ICAM eyes more infrastructure investment on Eyre Peninsula

Original Article from The Advertiser
Giuseppe Tauriello


Fund manager ICAM is eyeing investment in major infrastructure projects to support an expected economic boom around SA’s Upper Spencer Gulf.



Adelaide-based fund manager ICAM is eyeing more investment in major infrastructure projects, including a potential expansion of its $185m port at Lucky Bay, as it looks to play a key role supporting the multi-billion dollar pipeline of renewable energy, green manufacturing and copper projects slated around South Australia’s Upper Spencer Gulf.



Former Adelaide Oval chief executive Andrew Daniels, who took over as chair last year, is spearheading a push to grow ICAM’s funds past $1bn by the end of the year through a mix of property acquisitions and infrastructure projects.



His appointment came as part of a board and ownership shake-up resulting in the exit of early backers Rob Chapman, Ed Peter and Jim Hazell, who helped grow ICAM’s portfolio from its first acquisition in 2016 to more than $700m worth of properties and alternative investments.



Around 90 per cent of ICAM’s assets are located in South Australia, including the port facility at Lucky Bay, which was the first new port to open in the state when it shipped its first grain in 2020.



And it’s in that region – Eyre Peninsula and Upper Spencer Gulf – where Mr Daniels sees a major opportunity for ICAM to leverage the pipeline of private and government-backed projects dubbed by the state government as the State Prosperity Project.



They include the state government’s $593m hydrogen hub at Port Bonython, the green transformation of the Whyalla steelworks, the Northern Water desalination and pipeline project and BHP’s plans to create a world-leading copper province in the state’s Far North.





“Our target is to get to a billion in funds under management, and then keep growing from there,” Mr Daniels said.


Former Adelaide Oval Stadium Management Authority CEO Andrew Daniels. Picture: James Elsby

“A huge potential there is linking in with the government’s current agenda with what’s happening on Eyre Peninsula – whether it be the Northern Water project, the hydrogen project, copper with BHP – there is so much activity happening on Eyre Peninsula and we’re there with a brand new developed port at Lucky Bay.



“The fact that there’s going to be between $10bn and $20bn worth of investment happening in that region – the road network is under pressure, the rail network’s under pressure, and even the port network’s under pressure, so there’s potential for us to further develop that.



“We can develop that port to whatever is needed to support the infrastructure developments on the Eyre Peninsula, and because of what we do at ICAM, there’s other infrastructure developments on Eyre Peninsula now that we’re looking at.”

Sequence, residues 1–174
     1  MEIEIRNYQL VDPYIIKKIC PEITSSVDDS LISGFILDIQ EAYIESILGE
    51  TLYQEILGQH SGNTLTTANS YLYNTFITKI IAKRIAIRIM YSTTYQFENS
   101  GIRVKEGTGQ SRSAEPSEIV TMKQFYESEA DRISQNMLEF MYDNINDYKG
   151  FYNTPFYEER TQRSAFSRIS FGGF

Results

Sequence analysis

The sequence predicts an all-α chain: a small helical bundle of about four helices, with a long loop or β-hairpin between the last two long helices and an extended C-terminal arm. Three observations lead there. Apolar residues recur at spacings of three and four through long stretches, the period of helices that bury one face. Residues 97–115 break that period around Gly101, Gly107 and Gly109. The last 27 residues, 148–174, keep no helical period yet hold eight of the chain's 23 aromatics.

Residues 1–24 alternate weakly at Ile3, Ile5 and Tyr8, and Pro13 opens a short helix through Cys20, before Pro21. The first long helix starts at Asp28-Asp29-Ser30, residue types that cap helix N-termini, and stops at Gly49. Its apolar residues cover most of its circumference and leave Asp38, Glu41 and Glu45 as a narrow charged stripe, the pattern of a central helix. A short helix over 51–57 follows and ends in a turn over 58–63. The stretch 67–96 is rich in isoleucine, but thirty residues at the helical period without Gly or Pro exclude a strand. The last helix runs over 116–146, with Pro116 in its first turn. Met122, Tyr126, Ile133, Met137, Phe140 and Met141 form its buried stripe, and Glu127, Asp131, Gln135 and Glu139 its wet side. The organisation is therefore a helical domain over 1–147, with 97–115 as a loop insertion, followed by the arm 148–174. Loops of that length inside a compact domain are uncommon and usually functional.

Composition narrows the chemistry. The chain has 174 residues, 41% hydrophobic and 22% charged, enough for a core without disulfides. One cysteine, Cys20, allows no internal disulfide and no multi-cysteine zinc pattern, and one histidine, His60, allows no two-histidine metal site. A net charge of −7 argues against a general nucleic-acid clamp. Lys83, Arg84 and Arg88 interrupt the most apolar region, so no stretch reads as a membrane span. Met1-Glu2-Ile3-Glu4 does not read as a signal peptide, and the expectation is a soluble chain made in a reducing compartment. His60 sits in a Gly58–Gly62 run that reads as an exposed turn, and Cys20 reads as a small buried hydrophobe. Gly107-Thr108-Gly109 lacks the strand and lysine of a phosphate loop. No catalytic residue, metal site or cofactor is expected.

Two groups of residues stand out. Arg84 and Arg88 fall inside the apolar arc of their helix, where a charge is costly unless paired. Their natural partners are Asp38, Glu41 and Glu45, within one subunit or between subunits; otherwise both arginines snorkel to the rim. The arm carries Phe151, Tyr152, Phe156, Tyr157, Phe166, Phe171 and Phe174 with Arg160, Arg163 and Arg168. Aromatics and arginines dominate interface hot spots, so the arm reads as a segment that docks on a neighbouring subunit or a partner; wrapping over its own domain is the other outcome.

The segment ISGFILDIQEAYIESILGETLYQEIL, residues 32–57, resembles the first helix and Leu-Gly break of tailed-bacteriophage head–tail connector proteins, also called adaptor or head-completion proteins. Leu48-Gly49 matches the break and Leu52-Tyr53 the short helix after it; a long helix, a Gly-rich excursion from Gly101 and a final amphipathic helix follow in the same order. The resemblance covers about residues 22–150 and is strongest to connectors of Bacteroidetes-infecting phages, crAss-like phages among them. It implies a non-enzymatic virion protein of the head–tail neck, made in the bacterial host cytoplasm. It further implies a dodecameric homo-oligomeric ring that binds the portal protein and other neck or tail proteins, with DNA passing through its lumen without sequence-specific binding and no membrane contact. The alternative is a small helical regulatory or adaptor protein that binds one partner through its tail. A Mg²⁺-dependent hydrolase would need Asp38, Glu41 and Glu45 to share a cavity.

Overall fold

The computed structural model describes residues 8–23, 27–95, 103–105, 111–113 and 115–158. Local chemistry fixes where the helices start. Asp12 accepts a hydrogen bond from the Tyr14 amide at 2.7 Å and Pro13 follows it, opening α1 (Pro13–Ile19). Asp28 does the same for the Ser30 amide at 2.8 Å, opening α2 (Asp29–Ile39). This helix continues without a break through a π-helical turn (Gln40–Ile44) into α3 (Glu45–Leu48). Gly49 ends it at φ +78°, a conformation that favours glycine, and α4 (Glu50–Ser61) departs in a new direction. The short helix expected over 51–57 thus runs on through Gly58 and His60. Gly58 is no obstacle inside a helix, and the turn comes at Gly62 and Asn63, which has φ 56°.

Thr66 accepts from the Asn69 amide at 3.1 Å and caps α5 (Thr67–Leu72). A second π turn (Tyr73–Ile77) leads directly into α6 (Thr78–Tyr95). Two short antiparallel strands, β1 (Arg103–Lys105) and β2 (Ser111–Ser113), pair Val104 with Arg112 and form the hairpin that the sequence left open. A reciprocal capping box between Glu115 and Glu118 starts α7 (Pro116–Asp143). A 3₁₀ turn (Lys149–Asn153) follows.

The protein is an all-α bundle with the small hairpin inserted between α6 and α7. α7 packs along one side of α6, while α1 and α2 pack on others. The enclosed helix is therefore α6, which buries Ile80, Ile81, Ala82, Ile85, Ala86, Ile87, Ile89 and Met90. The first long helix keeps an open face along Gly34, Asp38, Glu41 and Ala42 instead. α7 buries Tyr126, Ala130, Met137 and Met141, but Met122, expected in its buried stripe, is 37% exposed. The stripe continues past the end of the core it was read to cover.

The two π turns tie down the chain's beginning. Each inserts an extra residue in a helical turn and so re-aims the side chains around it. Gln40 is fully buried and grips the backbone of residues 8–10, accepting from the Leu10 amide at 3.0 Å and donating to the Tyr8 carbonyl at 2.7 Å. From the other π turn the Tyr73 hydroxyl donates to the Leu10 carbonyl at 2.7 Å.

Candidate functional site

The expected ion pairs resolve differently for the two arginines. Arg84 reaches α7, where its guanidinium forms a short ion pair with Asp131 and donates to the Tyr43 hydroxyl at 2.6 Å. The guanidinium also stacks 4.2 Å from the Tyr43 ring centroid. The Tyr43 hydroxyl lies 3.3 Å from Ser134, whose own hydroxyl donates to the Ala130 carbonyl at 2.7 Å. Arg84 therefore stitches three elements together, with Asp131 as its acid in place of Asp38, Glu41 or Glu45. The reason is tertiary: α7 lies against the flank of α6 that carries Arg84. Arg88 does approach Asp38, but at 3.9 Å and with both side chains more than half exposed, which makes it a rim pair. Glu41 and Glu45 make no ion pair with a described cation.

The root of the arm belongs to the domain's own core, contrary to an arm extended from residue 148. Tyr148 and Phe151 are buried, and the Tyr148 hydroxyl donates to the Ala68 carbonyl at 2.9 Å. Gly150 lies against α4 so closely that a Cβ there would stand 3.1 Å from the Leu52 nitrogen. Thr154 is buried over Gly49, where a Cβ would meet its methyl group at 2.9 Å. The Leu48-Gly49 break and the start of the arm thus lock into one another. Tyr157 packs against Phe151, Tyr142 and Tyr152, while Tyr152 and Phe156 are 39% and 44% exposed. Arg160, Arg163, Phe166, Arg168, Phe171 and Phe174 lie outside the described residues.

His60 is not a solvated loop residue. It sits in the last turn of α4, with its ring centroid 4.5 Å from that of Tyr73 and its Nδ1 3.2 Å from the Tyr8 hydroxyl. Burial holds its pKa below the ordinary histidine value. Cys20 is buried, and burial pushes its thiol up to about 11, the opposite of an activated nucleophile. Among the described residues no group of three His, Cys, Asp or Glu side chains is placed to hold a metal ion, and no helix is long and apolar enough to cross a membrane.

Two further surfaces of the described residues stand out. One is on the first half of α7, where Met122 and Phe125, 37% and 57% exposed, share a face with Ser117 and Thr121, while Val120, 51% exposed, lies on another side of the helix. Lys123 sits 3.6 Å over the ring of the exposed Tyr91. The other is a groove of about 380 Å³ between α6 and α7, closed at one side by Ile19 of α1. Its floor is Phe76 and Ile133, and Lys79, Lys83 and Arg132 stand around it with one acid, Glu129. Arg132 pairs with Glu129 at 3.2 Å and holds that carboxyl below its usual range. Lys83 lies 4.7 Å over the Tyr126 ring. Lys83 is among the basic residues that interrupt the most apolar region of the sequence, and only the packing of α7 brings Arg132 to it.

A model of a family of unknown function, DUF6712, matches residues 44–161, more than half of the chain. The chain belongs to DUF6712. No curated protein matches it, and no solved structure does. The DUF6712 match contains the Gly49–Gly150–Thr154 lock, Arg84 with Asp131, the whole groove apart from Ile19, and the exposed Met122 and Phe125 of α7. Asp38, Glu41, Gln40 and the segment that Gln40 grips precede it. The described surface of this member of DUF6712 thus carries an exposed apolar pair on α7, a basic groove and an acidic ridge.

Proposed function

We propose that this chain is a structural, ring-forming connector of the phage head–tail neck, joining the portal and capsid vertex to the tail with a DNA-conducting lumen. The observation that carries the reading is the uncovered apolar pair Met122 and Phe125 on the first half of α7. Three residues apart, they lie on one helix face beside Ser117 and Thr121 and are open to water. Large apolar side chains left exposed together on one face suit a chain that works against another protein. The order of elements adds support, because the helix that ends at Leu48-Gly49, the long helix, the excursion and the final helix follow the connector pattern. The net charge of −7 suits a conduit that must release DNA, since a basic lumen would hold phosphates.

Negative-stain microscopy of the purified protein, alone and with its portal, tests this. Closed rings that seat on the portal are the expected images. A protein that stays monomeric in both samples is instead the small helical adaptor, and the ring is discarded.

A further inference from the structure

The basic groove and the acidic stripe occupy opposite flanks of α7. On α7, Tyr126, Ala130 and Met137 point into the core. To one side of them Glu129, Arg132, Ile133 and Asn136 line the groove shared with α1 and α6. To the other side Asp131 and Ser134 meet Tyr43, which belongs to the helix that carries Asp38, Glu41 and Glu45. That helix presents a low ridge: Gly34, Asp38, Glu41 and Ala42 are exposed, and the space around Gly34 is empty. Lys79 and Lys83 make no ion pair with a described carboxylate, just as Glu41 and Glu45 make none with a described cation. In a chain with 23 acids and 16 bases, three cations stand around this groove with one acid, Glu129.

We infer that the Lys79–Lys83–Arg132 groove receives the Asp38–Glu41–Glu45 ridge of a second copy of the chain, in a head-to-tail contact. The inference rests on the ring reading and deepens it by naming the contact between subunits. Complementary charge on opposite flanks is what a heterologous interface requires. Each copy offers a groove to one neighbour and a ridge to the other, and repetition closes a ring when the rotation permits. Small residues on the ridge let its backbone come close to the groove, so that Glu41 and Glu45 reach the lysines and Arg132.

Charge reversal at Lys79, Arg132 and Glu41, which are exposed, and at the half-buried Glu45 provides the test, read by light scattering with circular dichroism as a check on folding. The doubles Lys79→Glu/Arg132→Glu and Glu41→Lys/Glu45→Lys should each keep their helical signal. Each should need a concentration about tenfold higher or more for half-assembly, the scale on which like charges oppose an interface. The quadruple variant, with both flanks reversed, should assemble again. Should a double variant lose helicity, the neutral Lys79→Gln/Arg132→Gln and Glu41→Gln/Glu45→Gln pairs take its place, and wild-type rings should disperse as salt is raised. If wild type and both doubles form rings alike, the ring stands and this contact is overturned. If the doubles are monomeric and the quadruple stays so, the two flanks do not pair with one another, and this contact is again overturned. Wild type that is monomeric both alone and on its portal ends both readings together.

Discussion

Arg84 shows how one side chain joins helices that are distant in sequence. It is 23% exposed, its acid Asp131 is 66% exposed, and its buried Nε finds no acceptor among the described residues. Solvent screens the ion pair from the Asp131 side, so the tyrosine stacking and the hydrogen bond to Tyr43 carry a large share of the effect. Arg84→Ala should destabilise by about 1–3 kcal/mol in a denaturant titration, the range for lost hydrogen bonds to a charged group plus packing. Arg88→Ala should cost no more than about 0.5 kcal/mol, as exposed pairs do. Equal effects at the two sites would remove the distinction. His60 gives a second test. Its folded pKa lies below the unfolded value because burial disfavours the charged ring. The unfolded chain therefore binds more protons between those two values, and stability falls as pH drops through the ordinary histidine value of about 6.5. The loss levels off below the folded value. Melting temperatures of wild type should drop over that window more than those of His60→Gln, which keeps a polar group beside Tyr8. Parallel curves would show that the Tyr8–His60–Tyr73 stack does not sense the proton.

Mr Daniels said ICAM was investigating the “best and highest uses” for the more than 200ha of undeveloped land at the Lucky Bay site, which has been operating primarily as a grain storage and export facility, but has the potential to service other industries including mining.



ICAM is also considering further development of its second port – a $103m facility at Wallaroo – which shipped its first grain early last year.



ICAM managing director Freddy Bartlett said several property acquisitions were also nearing completion as ICAM looked to capitalise on demographic shifts that would underpin ongoing demand in sectors including retail and seniors living.



“There’s three areas we’re quite bullish on,” he said.



“We think there’s a shortage of industrially zoned, approved land and strategic retail, so grocery-anchored retail. With the increasing population across Australia, that needs to be serviced, and we think there’s a shortage of strategic retail properties.



“The third one is seniors living or retirement living, where you’ve got an ageing population in Australia, and we’ve got an accommodation problem – we don’t have enough housing. So we’re pretty keen to build that space out as well.”



Mr Daniels said that while ICAM would maintain a strong focus on attracting interstate and overseas capital into South Australia, it was also exploring investment opportunities in other states.



“We really want to become a serious player on a national basis and be a conduit for more capital to come into South Australia,” he said.



“But we also need to spread our risk … so getting some geographical spread is important. We’ve got a couple of small investments in Victoria and in Queensland, and we are looking at some others.”



ICAM is looking to add to its board, which comprises of Mr Daniels, Mr Bartlett and Bentleys SA chairman Michael Ruggiero, who joined last year.